Saturday, January 01, 2011

The Emancipation, New Year, Haitian Independence Celebration

January 1st has various meanings for different people and nations. If you are a person of African descent living in America, it is the day that President Abraham Lincoln (1809-1865) signed the Emancipation Proclamation into law. That law granted immediate freedom to the enslaved in the Rebellion. I imagine that it was a day of great celebration, excitement, trepidation, and finally, uncertainty.

In the years before the proclamation, it was the time after Christmas, and slaves were usually cotton “ginning,” which is the process of separating the lint from the seed. For some slaves, January was also called “Heartbreak Day” because it was the day when fathers, sons, daughters, or mothers were hired out by the master to do contract work on other plantations.

Today, it is a celebration of the New Year – a new beginning and opportunity to start fresh with a new slate. However, we must never forget the struggle of our African ancestors. They struggled and they prayed so that we can have a better reason to celebrate the New Year. On the campus of Hampton University, a historical black college in Hampton, Virginia, stands the Emancipation Oak. The Emancipation Proclamation was read under this majestic oak (pictured above) on that day in 1863; it remains a symbol of resiliency.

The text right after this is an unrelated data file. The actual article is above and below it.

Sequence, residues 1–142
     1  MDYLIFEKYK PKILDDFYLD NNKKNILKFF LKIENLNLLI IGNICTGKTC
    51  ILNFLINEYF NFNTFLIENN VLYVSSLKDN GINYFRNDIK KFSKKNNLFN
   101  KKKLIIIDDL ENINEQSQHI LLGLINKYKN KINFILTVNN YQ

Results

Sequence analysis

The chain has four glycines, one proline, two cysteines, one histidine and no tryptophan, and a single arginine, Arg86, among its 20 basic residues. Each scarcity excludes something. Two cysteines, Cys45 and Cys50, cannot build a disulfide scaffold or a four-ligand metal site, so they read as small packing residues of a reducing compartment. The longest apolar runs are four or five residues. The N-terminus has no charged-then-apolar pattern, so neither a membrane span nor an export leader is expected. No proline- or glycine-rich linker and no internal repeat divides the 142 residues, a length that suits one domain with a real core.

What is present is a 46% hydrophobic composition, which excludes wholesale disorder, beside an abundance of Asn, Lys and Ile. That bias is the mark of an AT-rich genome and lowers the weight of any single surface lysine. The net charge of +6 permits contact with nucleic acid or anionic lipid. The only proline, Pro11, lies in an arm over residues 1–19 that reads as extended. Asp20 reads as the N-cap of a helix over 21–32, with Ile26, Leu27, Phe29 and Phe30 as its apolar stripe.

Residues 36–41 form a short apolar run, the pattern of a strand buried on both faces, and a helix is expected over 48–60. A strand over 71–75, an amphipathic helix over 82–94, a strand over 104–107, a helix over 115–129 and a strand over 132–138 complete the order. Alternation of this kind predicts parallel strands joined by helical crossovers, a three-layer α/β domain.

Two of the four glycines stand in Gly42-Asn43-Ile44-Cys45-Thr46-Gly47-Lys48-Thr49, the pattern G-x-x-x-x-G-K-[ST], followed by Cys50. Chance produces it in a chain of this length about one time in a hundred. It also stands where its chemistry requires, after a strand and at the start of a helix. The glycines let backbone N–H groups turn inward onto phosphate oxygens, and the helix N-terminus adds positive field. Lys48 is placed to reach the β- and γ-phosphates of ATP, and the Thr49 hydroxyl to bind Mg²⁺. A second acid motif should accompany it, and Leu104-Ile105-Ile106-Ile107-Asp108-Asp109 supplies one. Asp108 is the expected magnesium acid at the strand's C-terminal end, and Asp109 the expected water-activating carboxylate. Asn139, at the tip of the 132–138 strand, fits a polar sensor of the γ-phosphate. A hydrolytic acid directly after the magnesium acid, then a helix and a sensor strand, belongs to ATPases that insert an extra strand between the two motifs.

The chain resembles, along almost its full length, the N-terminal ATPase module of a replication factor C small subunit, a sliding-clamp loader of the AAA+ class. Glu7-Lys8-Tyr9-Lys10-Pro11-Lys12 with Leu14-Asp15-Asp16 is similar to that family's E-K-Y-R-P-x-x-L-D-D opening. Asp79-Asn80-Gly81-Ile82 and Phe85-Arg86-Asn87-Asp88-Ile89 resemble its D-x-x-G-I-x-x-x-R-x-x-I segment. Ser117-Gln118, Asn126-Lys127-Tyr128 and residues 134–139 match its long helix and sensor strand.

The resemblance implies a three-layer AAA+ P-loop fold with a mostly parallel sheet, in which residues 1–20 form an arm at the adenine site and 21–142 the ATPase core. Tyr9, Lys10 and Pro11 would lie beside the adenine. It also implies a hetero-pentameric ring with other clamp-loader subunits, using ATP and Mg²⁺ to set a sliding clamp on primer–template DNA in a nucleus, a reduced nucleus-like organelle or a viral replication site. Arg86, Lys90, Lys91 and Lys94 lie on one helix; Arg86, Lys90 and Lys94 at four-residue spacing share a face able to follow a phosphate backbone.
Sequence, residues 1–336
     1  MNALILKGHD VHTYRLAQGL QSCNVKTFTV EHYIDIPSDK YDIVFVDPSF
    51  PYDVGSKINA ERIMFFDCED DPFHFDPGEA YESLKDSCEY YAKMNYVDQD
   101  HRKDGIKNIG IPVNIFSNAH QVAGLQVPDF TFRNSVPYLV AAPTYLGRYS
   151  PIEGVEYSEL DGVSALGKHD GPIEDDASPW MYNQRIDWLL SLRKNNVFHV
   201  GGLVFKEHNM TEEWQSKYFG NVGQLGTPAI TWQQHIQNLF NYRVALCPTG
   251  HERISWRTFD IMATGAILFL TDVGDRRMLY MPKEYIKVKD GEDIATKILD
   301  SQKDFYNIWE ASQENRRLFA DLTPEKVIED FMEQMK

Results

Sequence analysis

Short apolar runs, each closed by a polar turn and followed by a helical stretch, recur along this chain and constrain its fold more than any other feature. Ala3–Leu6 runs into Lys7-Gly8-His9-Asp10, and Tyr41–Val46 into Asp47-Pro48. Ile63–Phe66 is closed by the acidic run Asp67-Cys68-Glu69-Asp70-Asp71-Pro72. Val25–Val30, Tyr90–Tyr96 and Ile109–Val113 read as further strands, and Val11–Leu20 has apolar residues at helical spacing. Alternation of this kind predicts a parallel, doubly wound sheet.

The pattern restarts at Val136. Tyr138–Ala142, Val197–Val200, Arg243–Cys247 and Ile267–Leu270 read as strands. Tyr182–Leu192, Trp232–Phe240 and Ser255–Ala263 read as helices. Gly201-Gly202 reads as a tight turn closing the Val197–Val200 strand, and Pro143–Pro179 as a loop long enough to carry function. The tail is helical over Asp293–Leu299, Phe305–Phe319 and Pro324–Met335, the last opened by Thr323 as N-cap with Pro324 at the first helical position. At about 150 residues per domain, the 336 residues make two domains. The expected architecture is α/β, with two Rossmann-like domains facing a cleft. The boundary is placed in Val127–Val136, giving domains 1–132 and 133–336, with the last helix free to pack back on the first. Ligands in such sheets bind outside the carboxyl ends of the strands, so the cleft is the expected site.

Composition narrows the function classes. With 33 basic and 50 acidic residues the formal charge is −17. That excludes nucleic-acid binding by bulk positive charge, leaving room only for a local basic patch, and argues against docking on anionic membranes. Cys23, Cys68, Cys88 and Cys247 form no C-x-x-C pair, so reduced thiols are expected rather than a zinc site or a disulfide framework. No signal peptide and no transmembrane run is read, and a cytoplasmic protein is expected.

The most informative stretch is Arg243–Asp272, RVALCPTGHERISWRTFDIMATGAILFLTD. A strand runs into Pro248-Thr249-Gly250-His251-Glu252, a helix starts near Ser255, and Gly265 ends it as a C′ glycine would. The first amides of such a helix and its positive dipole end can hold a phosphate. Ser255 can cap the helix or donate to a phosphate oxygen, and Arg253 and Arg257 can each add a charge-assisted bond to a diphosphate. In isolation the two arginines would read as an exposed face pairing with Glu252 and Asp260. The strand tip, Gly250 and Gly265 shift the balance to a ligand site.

My prayer is that America as a nation will begin to come to terms with that day because many are not even aware of the date or month of the proclamation. We must know the history, teach it to the young and old of every age group, and find a way to move forward together as a nation.

Happy Emancipation Day, Happy Independence Day for Haiti, and Happy New Year! God bless America. Amen.

Sources:, Wikipedia, Tombee: Portrait of a Cotton Planter : With the Journal of Thomas B. Chaplin (1822-1890)

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